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The PC(USA)’s ‘Being Matthew 25: Summit Edition’ airs its final installment ahead of the Jan. 16-18 gathering

The Rev. Dr. Marcia Mount Shoop discusses the hard and important work of antiracism

by Mike Ferguson | Presbyterian News Service

The Rev. Dr. Marcia Mount Shoop

LOUISVILLE — “Being Matthew 25: Summit Edition,” the broadcast that celebrates plenary speakers and workshops that will be offered during the Jan. 16-18, 2024 Matthew 25 Summit, featured the Rev. Dr. Marcia Mount Shoop at the microphone Wednesday. Listen to Shoop’s conversation with Melody Smith, associate director for Digital and Marketing Communications in the Presbyterian Mission Agency, by going here or here.

Shoop is pastor and head of staff at Grace Covenant Presbyterian Church in Asheville, North Carolina. Among her books are “Touchdowns for Jesus and Other Signs of Apocalypse” and “Let the Bones Dance.” During the Matthew 25 Summit, to be held at New Life Presbyterian Church in Atlanta, she’ll co-lead a workshop on “The Role of White Voices in Antiracism.”

Shoop has served in pastoral ministry for nearly eight years after 11 years working around the country as a consultant. “I’ve noticed the richness of what can happen when you are able to embed yourself in a community over time,” she said. She and congregants have worked together “to center this healing work, especially around how white supremacy shows up in our bodies and our relationships, in our church and in our larger community.”

Our bodies “are so wise,” Shoop told Smith. “They can teach us a lot about why we hold on to certain things, why we react to certain things, and the capacity that we have for change and transformation.”

Without the work of repair, “we can’t really have true justice, and we can’t really have true peace and true healing,” she said.

“And because it comes from our bodies, that’s the screaming voice that says, ‘Don’t go there! Don’t have that conversation.’ It’s gonna be hard,” Smith said.

Throughout most discussions about racialization and social change, “the white bodies in the room are not in danger,” Shoop said. “It takes a lot of practice, and it takes support. That’s what I feel like  we’re trying to do here at Grace Covenant, a true community of support. We’re doing the work — it’s hard work — and we’re doing it in a supportive environment where we want to be with each other in the hard parts.”

The only danger for white bodies participating in those discussions is “the danger of being very uncomfortable,” Smith said. “We often hear people discount historical harms” by saying, “‘you know, I didn’t do it. That was my ancestors.’” Smith then paraphrased from Shoop’s blog: “While we are all both victim and perpetrator in different gradations in this world, there are some who carry the weight of violence and abuse more accurately than others.”

Mainline white Christianity “has had a major and profound role in the formation of this country” and in its values, rhetoric, laws and culture, Shoop noted. “Presbyterians were there at the very beginning, both in colonization and in the writing of the Constitution.” Presbyterians have been well represented as presidents, governors, doctors, legislators and mayors. “We’ve been right there in the formal channels of power in this country,” Shoop said. “So, for me, it’s not so much about being responsible for our ancestors as it is being honest and truthful about the culture that we still carry and that we still use to make sense of the world.”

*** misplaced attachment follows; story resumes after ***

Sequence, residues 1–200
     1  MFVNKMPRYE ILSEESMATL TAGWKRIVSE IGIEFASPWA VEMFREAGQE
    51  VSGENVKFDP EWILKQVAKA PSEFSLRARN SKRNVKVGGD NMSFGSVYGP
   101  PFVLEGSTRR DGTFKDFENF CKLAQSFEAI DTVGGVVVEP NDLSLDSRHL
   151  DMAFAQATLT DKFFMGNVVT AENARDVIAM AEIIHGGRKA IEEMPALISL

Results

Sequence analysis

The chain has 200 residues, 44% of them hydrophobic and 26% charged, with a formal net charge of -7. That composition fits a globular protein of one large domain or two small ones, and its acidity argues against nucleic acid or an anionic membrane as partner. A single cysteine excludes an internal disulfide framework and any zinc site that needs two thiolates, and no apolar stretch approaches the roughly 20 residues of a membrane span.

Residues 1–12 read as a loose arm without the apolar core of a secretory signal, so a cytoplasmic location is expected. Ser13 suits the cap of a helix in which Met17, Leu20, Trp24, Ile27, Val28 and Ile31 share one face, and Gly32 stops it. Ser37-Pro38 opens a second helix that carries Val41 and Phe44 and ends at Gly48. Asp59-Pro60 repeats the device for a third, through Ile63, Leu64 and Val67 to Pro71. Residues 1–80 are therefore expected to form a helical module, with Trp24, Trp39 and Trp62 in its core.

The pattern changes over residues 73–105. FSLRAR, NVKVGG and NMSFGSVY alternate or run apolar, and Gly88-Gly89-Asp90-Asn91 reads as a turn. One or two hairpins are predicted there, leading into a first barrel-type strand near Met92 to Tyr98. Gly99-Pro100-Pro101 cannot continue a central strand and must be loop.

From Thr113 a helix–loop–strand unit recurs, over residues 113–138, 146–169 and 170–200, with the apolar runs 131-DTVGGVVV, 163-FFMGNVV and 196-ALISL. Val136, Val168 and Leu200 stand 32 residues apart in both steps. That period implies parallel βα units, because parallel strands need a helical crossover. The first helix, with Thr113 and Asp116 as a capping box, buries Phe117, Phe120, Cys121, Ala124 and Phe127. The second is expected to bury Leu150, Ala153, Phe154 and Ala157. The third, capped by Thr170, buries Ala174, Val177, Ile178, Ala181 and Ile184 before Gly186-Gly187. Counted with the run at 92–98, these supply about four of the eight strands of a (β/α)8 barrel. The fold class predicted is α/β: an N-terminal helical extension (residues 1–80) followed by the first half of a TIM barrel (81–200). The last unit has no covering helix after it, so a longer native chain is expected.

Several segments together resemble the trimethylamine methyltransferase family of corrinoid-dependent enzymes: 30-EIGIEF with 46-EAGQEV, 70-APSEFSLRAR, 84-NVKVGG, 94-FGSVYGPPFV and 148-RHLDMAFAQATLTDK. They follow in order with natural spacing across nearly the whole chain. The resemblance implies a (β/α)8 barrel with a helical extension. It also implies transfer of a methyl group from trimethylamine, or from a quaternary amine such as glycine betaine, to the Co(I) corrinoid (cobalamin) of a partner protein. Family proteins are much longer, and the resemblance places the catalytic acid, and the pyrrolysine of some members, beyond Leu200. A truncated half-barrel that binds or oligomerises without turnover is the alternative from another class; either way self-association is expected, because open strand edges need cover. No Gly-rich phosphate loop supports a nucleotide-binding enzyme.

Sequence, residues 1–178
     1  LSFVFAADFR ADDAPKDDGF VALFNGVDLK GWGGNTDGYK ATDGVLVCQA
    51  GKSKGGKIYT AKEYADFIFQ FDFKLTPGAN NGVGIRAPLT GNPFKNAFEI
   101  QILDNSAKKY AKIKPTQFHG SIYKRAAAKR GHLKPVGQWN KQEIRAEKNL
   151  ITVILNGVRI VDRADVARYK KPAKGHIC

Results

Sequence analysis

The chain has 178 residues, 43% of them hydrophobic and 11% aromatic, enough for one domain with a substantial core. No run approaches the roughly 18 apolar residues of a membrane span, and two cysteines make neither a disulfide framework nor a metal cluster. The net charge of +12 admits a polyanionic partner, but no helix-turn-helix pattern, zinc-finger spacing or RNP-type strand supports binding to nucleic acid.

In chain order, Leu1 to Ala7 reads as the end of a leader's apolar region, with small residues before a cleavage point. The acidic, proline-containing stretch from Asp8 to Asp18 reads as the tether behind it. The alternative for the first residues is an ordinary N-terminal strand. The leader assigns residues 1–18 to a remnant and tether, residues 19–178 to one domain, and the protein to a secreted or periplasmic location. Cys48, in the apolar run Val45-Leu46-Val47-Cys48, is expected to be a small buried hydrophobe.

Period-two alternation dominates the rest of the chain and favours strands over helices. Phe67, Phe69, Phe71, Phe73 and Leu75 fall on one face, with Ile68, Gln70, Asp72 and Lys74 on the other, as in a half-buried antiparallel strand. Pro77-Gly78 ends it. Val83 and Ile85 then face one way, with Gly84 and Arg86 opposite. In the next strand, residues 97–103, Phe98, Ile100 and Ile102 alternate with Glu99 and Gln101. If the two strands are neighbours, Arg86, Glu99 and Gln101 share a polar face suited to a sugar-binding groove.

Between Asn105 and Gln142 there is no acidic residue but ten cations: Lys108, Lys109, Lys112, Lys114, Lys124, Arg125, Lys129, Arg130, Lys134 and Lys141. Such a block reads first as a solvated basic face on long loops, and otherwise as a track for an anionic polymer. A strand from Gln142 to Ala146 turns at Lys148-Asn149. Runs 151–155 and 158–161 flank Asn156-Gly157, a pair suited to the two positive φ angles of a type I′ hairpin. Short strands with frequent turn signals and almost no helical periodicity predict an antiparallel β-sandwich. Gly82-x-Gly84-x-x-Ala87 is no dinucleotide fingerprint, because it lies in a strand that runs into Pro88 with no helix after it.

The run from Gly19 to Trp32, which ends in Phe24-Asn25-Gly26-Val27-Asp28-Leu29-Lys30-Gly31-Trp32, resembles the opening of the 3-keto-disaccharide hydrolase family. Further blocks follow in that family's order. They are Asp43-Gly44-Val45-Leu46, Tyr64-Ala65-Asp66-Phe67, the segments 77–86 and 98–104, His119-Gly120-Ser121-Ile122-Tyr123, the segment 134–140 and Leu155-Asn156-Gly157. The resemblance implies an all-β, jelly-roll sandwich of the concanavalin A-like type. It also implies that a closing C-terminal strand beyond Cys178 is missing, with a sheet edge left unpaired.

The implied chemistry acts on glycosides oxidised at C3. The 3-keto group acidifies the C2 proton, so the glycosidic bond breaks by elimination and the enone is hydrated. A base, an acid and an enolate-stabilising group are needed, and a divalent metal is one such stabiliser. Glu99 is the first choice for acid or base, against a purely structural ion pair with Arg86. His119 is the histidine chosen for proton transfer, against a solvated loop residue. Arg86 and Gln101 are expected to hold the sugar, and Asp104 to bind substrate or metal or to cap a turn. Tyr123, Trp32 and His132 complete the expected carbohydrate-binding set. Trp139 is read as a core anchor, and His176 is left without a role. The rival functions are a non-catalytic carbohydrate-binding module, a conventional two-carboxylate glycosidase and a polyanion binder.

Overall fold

If Shoop were to claim no responsibility for what her ancestors said and did, they’d return from the afterworld “and smack me in the head. They’d say, ‘Where did you get that? We’ve always taught social responsibility,’” she said. “As Presbyterians, we realize that it’s part of our heritage, that we are responsible for the human family — not in a paternalistic way, but in a deeply humble way.”

Those are the ways we can understand complicated topics including stewardship, sin and redemption — collectively, Shoop said. “You can call it responsibility, or you can just call it genetics, or whatever you want,” she said. It’s “inviting our denomination into a time of deep transformation, of coming to a reckoning of … the things we have done and the things we have left undone,” including “the ways that churches have avoided the difficult work of transformation in order the accommodate the powerful and the wealthy.”

The “heart of who we are” is to “provoke justice for and with those who bear the weight of oppression in our contexts,” Shoop said. “Where do people learn their moral courage? They learn it at church,” and she’s seen it at Grace Covenant. “The more we deepen our shared analysis and the more we do our own inner work, the more we start to deconstruct whiteness and how it has been outed” as the motivator and shaper of “our behavior in the civic square.”

The people “who are willing to stick their necks out and put some skin in the game are being supported and strengthened in our ability to make an impact nationally and locally,” she said. Teaching people to be fearless is a big job, but “that’s what faith is, and there’s nothing else that can teach people that like faith can.”

Smith asked: What do you want people to take home from next month’s summit?

Shoop said it’s that people will trust “that God’s hand is this” and that they’ll receive “a shot of adrenaline and hopefulness” after being “with other people doing the work.”

“The other thing I hope people get is just a really visceral sense of the creativity, the vitality, the life that there is in this work,” Shoop said.

She’s also praying people will “come away with some new connections” and “a sense of accompaniment of companionship, of resourcing that there is out there.”



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